The first time I went away from home, I was eleven. Eleven years-old is far too old to go away overnight for the first time. I wasn’t just going away overnight. I was going away for four nights, over a hundred miles from home, on a PGL adventure.
I did not cope well. I struggled to look after myself; to shower without getting my towel or clothes wet; to get into a shower and changed again in time – because there weren’t enough showers and my classmates had gotten into them ahead of me. To carry all of my things. To get in and out of a sleeping bag, one-handed. To work out what clothes I needed for which activities and when. To keep up. Basic, everyday self-care was exhausting and I was hardly sleeping. On Wednesday, we went canoeing and I scraped my finger. I barely stopped crying for the rest of the week. I was struggling with being away, and I wanted desperately to go home, to be cared for.
Memories of that holiday, and several experience since, leave me scared of strong emotion. Once I had started crying, for the most benign of reasons, I was overwhelmed with the pain of being away and missing home. When strong emotion threatens now, I suppress it. Push it down. I am scared, with that strength of feeling, that if I started crying, I would not be able to stop. I distract and try to forget. Zip myself tight shut.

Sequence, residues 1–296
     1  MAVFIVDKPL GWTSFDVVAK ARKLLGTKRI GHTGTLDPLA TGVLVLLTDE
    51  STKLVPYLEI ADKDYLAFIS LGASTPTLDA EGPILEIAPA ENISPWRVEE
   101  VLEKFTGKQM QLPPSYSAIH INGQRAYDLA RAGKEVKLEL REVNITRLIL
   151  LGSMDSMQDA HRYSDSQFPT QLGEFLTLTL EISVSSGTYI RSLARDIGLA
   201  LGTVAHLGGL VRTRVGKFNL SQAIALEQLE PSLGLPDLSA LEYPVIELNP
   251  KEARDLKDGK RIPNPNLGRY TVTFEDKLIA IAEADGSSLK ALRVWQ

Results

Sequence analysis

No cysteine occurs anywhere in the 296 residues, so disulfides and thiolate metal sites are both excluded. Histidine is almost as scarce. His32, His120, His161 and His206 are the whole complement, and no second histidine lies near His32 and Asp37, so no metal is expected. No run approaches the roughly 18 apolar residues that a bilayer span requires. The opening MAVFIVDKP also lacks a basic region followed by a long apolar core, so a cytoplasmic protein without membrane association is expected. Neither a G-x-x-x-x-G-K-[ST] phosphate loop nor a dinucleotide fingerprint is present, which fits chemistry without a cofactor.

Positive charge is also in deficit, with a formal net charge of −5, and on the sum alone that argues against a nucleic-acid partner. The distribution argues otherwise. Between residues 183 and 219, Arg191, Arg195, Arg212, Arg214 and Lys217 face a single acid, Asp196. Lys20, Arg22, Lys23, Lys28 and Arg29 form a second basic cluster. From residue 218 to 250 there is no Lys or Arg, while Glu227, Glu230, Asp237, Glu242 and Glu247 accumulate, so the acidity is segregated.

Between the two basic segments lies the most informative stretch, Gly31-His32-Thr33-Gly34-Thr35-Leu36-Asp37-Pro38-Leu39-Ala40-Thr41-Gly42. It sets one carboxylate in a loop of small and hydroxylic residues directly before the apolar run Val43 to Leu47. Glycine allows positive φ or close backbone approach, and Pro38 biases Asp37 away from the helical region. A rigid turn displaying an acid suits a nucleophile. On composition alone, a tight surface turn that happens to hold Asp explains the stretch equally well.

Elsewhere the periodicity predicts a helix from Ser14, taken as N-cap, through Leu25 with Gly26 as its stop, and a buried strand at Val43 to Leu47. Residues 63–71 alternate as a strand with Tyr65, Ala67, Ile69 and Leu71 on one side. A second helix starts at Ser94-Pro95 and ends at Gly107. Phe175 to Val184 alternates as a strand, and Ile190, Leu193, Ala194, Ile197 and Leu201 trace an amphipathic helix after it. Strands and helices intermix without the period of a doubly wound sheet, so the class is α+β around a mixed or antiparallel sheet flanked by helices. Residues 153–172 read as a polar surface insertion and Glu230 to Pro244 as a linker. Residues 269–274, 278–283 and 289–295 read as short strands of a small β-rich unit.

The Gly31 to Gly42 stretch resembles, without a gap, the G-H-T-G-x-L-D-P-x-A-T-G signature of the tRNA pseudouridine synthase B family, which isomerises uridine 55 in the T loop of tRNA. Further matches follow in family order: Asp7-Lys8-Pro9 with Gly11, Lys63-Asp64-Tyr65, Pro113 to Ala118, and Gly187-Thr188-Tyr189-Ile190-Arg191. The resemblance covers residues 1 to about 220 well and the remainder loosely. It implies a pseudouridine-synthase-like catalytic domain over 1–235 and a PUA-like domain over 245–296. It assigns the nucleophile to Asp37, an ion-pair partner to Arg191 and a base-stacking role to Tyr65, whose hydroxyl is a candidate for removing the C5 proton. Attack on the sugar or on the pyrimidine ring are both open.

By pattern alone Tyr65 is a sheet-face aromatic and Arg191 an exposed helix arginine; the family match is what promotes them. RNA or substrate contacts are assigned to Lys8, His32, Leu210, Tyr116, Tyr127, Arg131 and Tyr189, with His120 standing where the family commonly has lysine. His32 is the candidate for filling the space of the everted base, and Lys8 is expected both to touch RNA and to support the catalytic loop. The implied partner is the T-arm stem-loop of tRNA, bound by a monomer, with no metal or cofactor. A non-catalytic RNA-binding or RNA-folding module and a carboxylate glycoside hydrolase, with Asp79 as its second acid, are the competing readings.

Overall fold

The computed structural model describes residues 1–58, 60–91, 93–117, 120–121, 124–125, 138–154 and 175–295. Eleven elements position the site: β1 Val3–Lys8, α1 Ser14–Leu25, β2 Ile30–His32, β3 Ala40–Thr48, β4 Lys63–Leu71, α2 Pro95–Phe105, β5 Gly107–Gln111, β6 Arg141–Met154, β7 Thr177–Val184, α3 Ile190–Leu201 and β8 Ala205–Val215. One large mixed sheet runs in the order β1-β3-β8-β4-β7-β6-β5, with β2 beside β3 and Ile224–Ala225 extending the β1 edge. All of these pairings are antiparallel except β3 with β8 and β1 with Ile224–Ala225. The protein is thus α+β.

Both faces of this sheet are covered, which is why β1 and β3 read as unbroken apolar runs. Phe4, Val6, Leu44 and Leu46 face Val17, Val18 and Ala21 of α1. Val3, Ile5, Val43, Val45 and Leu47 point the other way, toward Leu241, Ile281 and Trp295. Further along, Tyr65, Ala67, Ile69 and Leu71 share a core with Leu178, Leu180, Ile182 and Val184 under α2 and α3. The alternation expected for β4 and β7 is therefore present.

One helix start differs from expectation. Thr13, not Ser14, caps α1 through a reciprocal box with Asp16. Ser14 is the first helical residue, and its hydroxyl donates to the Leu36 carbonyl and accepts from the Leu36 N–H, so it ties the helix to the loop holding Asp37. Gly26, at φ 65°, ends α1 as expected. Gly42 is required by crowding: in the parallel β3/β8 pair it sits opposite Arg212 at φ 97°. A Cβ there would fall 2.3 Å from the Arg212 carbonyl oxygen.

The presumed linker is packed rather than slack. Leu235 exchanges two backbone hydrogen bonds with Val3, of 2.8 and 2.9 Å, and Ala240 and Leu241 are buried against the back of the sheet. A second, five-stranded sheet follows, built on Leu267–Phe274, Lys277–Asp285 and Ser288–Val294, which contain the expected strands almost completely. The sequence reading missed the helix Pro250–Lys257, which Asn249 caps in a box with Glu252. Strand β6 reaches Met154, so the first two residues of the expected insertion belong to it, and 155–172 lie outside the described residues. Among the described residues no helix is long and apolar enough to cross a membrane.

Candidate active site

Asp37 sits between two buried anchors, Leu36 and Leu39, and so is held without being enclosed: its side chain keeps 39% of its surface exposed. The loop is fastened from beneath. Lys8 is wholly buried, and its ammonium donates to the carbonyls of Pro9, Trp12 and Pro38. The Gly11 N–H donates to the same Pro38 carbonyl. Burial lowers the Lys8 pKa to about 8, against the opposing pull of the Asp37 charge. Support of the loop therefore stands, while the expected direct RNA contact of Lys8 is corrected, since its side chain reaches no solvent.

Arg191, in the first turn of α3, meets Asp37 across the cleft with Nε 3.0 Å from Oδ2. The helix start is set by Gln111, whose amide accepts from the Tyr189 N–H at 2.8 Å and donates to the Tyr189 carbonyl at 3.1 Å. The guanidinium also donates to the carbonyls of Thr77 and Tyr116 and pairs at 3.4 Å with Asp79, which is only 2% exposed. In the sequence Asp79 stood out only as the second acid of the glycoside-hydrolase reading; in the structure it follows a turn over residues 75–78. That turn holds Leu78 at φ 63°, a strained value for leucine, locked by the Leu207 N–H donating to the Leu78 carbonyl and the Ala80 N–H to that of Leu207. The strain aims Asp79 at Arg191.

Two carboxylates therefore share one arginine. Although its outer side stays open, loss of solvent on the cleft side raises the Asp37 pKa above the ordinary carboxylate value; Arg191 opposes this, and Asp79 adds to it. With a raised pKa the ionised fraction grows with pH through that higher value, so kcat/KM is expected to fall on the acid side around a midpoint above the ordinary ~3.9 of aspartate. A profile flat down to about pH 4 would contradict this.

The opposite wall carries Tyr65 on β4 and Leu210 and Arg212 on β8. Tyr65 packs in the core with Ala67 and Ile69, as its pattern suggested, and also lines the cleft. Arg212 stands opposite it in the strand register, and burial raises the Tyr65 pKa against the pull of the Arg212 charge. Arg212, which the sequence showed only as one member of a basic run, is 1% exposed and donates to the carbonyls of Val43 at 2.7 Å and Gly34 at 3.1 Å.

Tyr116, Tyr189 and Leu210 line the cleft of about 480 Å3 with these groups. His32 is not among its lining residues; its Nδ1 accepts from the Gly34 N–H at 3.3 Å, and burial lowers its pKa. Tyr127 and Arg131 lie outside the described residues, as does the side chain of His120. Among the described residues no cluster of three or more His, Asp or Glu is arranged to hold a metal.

I did that extensively last week after something had upset me. Each time a fresh wave f emotion hit, I breathed and let it roil over me. Better that than give in to it. But it got stronger. And stronger. And then someone told me why I was hurting, and acknowledged the hurt and the pain and I broke. And cried with them for a long while. But they also helped me to ground and to gather myself in, and to breathe again.
They say that I am more resilient now than I was. I don’t feel different inside. The hurt still hurts as intensely as ever it did, and I still try to ignore it and the voices that tell me I feel this way because I am no good, “rotten, rotten, rotten,” as much as possible. But when I can voice the pain, the tears don’t last for an eternity. I can calm down again. The distress is manifest (I am told) to a lesser extreme. The external is different. Maybe, it follows from that, that my internal world can change, too. It seems I am changing from the outside-in.